Former professor hosts writing lesson
Published: Monday, November 5, 2012
Updated: Monday, November 5, 2012 15:11
A seminar on creative writing was led by an award-winning author, bringing a group of aspiring writers together from 10 a.m. to 1 p.m. on Saturday.
As a Contra Costa College English fee-based course ENGL 800CE, “How can I complete my book?” cost $35 to attend and took place at the City of San Pablo Economic Development Center.
“I heard that (CCC) was offering fee-based courses so I came up with this event together with (Marketing and Communications Coordinator) Michele Jackson,” former CCC English professor Elizabeth Rosner said.
“I was hoping to inspire, guide writers, share my experience and to give people direction and hope,” she said.
Author of “The Speed of Light” and “Blue Nude,” Rosner said that teaching is something she cares about deeply.
“I still teach because I love teaching,” she said. “I love sharing my enthusiasm for literature.”
Among those who attended was Anika Hamilton, who self-published a poetry book “Urban Eyes: Flames of My Time.”
Hamilton said because of her interest in publishing, she decided to attend the event.
“I want to get to a place where I can share my journey with people,” Hamilton said.
The three-hour seminar covered six steps to completing and getting a book published.
Topics covered ranged from honing character authenticity to finding credible copy editors.
Rosner also shared her own personal experience as an author and admitted that it took her close to 10 years to finish her first novel.
“It’s like teaching a child to walk. You can lecture them and they can watch videos of people walking, but that won’t teach them — they learn on their own,” Rosner said as a way to encourage her students to prepare themselves for the process of publishing.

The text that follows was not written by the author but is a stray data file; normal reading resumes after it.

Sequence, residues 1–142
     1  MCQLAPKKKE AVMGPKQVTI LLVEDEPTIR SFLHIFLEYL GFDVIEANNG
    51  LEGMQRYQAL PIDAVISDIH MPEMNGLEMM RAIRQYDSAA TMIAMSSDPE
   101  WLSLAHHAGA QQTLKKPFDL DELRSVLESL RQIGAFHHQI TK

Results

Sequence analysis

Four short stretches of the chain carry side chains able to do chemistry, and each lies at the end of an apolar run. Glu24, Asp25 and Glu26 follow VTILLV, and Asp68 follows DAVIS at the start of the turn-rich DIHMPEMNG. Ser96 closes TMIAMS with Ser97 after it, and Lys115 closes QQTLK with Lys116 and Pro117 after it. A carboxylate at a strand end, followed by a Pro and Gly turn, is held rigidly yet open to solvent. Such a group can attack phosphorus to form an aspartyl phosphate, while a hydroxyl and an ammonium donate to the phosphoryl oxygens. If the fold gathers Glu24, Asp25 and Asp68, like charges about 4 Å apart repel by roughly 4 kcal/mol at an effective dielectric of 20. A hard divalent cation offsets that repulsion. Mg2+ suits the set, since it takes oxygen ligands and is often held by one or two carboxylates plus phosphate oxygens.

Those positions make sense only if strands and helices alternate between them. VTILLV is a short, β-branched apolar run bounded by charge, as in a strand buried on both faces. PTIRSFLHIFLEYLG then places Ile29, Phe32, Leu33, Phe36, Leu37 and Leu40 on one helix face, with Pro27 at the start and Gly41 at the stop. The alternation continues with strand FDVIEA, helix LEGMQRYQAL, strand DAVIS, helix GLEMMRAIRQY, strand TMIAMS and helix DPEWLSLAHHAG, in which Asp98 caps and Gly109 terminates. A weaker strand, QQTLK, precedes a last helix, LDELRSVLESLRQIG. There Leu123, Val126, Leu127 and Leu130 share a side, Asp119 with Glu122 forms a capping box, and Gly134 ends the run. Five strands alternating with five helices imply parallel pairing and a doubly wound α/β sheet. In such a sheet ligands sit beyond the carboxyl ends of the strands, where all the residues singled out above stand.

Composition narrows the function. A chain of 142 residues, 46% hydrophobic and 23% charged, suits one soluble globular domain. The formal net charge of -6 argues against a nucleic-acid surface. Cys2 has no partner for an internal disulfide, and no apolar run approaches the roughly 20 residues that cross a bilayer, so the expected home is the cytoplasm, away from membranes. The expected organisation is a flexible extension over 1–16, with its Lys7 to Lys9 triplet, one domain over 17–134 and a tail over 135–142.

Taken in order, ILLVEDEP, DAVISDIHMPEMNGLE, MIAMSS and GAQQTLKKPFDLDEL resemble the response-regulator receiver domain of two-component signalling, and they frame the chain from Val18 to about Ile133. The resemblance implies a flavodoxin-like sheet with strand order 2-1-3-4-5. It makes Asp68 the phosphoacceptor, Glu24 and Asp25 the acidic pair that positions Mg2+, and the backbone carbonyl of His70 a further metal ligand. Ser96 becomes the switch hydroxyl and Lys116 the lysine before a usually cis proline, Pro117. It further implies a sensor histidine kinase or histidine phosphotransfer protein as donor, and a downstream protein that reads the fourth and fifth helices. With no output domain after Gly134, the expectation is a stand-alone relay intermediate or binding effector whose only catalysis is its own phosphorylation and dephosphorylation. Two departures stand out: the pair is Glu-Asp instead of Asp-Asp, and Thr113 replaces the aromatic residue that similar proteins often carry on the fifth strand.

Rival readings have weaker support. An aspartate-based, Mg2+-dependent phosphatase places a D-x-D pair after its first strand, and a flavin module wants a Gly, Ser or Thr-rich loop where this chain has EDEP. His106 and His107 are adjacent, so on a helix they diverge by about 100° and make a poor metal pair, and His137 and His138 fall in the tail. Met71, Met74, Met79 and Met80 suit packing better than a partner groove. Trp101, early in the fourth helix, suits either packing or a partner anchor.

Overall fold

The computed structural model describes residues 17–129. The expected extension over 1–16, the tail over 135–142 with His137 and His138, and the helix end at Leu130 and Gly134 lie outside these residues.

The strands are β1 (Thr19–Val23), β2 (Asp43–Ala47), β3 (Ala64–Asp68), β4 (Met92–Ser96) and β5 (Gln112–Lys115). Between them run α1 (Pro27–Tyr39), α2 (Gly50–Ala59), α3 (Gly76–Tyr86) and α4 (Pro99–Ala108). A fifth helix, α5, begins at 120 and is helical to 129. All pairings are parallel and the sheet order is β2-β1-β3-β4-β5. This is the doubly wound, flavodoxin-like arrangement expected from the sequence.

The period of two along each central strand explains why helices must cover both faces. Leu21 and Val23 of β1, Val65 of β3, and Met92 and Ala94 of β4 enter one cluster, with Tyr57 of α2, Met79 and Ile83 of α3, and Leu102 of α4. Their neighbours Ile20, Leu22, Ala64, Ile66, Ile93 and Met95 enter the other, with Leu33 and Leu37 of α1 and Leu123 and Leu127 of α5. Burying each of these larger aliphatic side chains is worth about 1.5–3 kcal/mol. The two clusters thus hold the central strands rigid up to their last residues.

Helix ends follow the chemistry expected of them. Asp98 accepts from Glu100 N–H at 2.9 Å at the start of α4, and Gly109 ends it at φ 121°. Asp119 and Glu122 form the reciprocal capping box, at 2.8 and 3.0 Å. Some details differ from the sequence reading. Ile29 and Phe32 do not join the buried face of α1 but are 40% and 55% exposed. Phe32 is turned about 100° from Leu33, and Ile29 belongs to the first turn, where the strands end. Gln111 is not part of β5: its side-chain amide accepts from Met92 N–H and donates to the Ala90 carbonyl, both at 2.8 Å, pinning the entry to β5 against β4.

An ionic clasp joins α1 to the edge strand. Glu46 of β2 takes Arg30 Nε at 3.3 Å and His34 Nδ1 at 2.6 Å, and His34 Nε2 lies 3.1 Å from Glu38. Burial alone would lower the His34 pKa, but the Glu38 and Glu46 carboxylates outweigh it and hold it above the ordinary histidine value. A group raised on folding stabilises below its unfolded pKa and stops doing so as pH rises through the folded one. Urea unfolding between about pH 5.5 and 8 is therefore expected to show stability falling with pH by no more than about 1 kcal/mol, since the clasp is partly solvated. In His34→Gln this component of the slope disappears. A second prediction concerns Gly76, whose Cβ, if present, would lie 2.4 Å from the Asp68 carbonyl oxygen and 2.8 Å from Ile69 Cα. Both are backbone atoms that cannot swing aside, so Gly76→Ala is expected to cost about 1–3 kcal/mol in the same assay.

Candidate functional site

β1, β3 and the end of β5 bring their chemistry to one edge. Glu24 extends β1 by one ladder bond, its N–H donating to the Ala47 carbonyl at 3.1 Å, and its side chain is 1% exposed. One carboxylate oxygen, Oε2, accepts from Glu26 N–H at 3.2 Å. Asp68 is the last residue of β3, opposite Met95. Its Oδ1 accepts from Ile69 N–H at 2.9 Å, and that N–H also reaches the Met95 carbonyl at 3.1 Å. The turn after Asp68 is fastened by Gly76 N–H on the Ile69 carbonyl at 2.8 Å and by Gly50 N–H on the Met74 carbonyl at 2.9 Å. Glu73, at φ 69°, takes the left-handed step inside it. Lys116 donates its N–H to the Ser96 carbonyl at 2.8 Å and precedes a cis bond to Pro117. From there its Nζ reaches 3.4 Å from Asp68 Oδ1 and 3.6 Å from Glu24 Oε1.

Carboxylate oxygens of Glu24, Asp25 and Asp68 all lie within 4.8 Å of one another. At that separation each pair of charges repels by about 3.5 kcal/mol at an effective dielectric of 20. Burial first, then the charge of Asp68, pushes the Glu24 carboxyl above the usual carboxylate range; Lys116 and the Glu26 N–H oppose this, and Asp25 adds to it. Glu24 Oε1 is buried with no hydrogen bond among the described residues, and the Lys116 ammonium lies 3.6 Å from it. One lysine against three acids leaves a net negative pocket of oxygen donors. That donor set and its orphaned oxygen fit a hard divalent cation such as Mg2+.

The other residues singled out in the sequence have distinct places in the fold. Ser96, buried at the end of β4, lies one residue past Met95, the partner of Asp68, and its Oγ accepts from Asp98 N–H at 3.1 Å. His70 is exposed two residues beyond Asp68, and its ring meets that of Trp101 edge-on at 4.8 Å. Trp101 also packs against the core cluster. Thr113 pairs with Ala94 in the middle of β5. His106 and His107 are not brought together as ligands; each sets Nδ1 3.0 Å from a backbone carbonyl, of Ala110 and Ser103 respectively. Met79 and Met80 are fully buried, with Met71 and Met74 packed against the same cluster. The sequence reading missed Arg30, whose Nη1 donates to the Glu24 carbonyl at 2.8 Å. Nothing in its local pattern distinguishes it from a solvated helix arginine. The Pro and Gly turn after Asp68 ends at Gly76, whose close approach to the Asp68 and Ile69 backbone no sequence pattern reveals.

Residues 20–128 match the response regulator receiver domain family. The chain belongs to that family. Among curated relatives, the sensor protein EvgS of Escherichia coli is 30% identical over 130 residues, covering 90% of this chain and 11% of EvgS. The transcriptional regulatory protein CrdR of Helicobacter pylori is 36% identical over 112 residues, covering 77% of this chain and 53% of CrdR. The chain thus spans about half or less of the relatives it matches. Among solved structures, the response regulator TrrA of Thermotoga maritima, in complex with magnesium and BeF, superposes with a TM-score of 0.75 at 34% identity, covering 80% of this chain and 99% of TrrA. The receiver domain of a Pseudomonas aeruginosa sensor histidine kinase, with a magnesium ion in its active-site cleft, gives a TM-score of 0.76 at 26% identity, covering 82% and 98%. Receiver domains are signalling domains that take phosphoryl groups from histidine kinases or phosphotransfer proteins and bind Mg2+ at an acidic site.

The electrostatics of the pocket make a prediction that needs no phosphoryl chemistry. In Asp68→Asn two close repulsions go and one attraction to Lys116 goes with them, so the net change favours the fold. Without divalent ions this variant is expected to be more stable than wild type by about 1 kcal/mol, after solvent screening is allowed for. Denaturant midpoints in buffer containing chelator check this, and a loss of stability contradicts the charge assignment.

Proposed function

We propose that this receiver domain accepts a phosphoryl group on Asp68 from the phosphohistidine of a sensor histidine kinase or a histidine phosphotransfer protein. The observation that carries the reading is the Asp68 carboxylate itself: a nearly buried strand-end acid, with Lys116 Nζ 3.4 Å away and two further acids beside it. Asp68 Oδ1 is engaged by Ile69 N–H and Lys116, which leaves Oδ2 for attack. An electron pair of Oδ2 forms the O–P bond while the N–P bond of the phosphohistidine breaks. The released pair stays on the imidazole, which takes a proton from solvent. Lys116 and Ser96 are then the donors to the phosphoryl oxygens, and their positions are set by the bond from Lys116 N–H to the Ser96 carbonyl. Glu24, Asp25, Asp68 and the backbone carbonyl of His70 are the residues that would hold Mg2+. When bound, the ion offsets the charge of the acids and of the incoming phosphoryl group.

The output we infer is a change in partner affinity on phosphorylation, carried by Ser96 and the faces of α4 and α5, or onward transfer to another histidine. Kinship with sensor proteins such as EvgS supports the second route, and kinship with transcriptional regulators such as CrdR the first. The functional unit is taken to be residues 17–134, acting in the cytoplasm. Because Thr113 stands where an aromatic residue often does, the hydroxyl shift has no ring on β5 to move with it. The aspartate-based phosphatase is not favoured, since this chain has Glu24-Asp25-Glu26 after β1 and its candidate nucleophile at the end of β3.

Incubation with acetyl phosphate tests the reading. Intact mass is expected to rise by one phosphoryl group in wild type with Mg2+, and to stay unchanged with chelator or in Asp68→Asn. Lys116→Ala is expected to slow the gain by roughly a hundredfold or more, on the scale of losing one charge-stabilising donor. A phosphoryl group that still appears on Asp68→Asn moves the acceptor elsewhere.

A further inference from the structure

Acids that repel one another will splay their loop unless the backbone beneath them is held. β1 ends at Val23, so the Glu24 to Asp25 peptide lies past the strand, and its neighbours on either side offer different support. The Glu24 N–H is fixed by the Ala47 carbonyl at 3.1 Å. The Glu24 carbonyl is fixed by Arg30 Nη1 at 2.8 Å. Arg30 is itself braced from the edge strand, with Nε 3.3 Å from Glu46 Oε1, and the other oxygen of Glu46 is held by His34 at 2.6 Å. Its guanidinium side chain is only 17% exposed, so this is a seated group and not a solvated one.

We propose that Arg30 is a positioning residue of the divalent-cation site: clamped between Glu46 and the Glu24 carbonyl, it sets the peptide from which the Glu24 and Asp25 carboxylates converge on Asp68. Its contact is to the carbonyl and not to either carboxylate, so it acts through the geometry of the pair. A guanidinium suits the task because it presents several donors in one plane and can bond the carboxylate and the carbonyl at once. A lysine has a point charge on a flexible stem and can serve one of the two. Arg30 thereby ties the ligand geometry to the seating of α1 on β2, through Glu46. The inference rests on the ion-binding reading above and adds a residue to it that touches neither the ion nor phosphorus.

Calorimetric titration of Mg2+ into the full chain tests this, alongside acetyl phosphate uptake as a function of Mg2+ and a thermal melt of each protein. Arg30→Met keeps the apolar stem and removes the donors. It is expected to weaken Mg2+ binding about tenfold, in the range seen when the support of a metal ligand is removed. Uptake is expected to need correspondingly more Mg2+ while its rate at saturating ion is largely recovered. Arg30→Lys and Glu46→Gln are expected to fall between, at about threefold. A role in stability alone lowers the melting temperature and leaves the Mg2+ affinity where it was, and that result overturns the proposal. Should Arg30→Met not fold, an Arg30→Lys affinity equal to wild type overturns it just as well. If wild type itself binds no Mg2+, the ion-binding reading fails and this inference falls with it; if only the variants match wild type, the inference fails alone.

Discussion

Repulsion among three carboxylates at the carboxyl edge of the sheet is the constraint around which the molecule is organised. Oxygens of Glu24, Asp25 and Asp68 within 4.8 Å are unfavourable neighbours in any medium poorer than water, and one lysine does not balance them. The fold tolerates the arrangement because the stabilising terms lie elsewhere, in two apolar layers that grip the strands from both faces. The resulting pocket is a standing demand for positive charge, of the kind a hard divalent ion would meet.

Vallejo Rescue Mission Church of God in Christ Pastor Yaahn Hunter was another student readily taking in Rosner’s lecture and experience.
Hunter said he was particularly interested in the options when it comes to publishing a book.
At the event, Hunter was happy to find that Rosner answered his questions in depth and listed the pros and cons of each type of publication.
“It was informative and specific questions were answered,” Hunter said about the lecture.
“It gave me great references for more research and was extremely motivational. I would recommend it to anyone who is interested in writing and publishing.”
The small class number gave a more intimate feel to the lecture.
Students were able to share their own resources, experiences and most importantly their passion for writing.
“I didn’t find writing, writing found me,” Hamilton said. “Writing is living — it’s life. It’s what makes life worth living. When I can’t tell you about something, I can write about it. I go to sleep and wake up thinking about writing.”
Rosner also encouraged her students to network among one another and with other writers in order to get feedback and support from them.
“Writing is a unique form of communication. I believe in the power of feeling and transformation by words,” Rosner said.
During the event, she urged her students to find that balance between daily life and time for writing.
The aspiring writers present exchanged their contact information at the end of the seminar hoping to stay in touch.
Participants happily looked forward to when their names would be printed on a hard copy of their own book.
“Writing is the ability to express your thoughts on paper so that others can see life through your eyes,” Hunter said.
“Writing can be educational and inspirational and I would like my writing to be a combination of both — I want it to bring enlightenment.”